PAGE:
6. These Neighbouring Tokyo Homes
(the owners of which are reaching fever pitch with one another)
Deep in the Tsukishima District of Chūō, Tokyo are nestled two homes representative of two very different eras, neither of which I’ve ever spent a single night in. The Edo period nagaya building of Utagawa Takahashi and the more modern, tiled townhouse of famed musician and composer, Yoshikazu Haru.
Yoshikazu-San was on Cloud Nine with his purchase of a small plot of Tsukishima land in the late 1990s, how could he not be? The area was abuzz with people and restaurants serving monjayaki. His plot was even right next door to one of the few remaining nagaya houses built when the reclaimed land of the district was still known as Tsukuda Island. Charming.
Mr. Yoshikazu thought it couldn’t get any better… until construction began and a certain Utagawa-San came to see. Mr. Utagawa lived in the house next door on the upper-level. The lower level, Yoshikazu learned, was his neighbour’s ramen shop. This information brought forth a commonality to talk about, you see, Yoshikazu was also going to be working in the ground floor of his home.
Utagawa was fine with this, conceptually, until he saw (and heard) what this entailed. Upon the tour of the instrument-filled room he was initially excited but not after having to repeatedly explain to his customers the constant noise coming from the adjacent home.
Eventually, Mr. Yoshikazu started to settle into his house and things were, I suppose you could say, pleasant. However, he soon found he had made a mistake by setting up his home studio in the street-facing, downstairs bedroom. You see for some strange reason Utagawa refused to sell drinks in his ramen shop, instead advising his customers of the recently erected vending machine (that blocked his neighbour’s studio window). This constant foot traffic sent Yoshikazu into a spin.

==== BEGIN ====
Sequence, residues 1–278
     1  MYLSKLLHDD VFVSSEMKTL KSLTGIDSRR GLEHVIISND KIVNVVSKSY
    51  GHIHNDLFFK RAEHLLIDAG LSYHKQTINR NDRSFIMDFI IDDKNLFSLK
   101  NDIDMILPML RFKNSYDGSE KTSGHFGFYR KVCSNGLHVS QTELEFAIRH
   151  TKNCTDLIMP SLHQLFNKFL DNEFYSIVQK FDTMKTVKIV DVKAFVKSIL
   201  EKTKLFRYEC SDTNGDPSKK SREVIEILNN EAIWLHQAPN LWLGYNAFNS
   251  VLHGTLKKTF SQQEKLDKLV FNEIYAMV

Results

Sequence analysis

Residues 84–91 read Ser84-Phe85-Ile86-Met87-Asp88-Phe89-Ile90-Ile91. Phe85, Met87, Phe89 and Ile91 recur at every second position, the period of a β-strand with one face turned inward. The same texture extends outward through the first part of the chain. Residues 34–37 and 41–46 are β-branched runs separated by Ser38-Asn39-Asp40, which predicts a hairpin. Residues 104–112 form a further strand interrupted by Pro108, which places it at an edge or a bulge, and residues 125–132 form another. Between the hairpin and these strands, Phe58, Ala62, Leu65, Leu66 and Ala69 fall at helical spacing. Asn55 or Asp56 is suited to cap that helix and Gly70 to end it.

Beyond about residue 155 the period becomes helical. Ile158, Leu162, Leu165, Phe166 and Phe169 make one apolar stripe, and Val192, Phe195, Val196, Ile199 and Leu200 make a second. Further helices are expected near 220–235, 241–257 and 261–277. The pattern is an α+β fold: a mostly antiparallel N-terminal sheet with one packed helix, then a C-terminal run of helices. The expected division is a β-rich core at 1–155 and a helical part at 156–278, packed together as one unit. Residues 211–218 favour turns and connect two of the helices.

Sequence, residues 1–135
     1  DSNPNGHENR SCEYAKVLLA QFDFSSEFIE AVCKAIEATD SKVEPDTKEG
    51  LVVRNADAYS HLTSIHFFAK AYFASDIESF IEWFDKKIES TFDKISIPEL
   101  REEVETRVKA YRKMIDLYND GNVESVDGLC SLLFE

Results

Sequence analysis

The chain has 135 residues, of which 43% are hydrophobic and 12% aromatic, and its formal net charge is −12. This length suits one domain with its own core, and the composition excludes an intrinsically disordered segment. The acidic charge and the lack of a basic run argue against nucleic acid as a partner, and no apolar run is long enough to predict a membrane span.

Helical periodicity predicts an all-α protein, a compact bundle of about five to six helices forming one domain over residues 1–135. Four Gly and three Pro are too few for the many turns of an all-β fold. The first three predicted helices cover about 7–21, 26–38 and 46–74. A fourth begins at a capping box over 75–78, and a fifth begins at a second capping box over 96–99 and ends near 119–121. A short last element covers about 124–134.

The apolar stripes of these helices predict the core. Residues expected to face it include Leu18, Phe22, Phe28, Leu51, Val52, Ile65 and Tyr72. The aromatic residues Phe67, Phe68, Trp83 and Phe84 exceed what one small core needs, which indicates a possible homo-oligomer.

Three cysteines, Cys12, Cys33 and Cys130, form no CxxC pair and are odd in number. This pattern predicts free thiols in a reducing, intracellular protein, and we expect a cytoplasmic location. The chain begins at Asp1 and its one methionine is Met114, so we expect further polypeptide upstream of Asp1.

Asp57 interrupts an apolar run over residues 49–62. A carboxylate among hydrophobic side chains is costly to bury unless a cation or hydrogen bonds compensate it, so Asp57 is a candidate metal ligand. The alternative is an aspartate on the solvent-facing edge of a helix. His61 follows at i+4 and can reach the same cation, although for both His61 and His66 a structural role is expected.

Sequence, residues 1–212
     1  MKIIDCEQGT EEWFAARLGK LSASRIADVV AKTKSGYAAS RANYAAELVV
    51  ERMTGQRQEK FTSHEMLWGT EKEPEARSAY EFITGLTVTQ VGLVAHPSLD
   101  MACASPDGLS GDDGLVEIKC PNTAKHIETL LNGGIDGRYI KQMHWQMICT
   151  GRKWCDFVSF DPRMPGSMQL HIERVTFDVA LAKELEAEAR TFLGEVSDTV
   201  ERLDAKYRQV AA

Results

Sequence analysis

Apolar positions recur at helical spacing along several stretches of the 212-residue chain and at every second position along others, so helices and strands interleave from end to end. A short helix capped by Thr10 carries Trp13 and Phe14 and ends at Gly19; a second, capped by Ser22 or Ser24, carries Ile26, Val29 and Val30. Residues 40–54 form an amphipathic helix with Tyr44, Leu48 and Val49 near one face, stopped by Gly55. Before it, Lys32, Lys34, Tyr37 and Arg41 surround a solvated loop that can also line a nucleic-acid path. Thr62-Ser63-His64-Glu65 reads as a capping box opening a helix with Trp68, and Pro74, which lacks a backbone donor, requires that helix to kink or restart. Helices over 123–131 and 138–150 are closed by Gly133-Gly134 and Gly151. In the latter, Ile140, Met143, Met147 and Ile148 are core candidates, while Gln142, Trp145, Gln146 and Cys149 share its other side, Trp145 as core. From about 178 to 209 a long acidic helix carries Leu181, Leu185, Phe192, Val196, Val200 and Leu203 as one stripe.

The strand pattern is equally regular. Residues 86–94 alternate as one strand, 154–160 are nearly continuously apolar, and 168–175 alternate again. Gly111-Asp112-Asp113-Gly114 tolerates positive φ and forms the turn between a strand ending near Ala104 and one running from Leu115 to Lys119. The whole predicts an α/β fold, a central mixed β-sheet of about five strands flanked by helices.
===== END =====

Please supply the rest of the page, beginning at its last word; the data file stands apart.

In Yoshikazu’s eyes, it was bad enough that the mayor of the Chūō Ward had approved these machines in residential areas, but when he suggested that it be moved in front of the house next door he was informed that would it block ‘the view of an important heritage building’.
If he wasn’t so mad, Yoshikazu would’ve laughed, heritage was not the word he’d apply to the dilapidated soup store. Condemned would be more accurate. How customers could eat in there was anyone’s guess. The awnings were ripped, dusty and ancient. The signs were illuminated by long extension cords, fully exposed to the elements. Why, the house itself looked like it could topple over at any minute!
And inside? Rolls of flypaper were stuck above the dining area and kitchen… all overpopulated. The bowls looked filthy, the tables were stained and the curtains were ripped. The place was falling apart.
Day and night, there were queues of people down past Yoshikazu-San’s home. When he went outside to check why they weren’t queuing in front of Utagawa’s ramen shop he found that his beloved neighbour had put out a little yellow sign. It read ‘To preserve the view of this heritage building please queue in this direction’ then displayed an arrow pointing past the composers’ home.
Well, with all the constant bickering that has followed since, I’m quite happy that I’ve never lived in either of these homes. To tell you the truth, even if asked, I might have to decline lest I wish to become mediator in a perennial quarrel.
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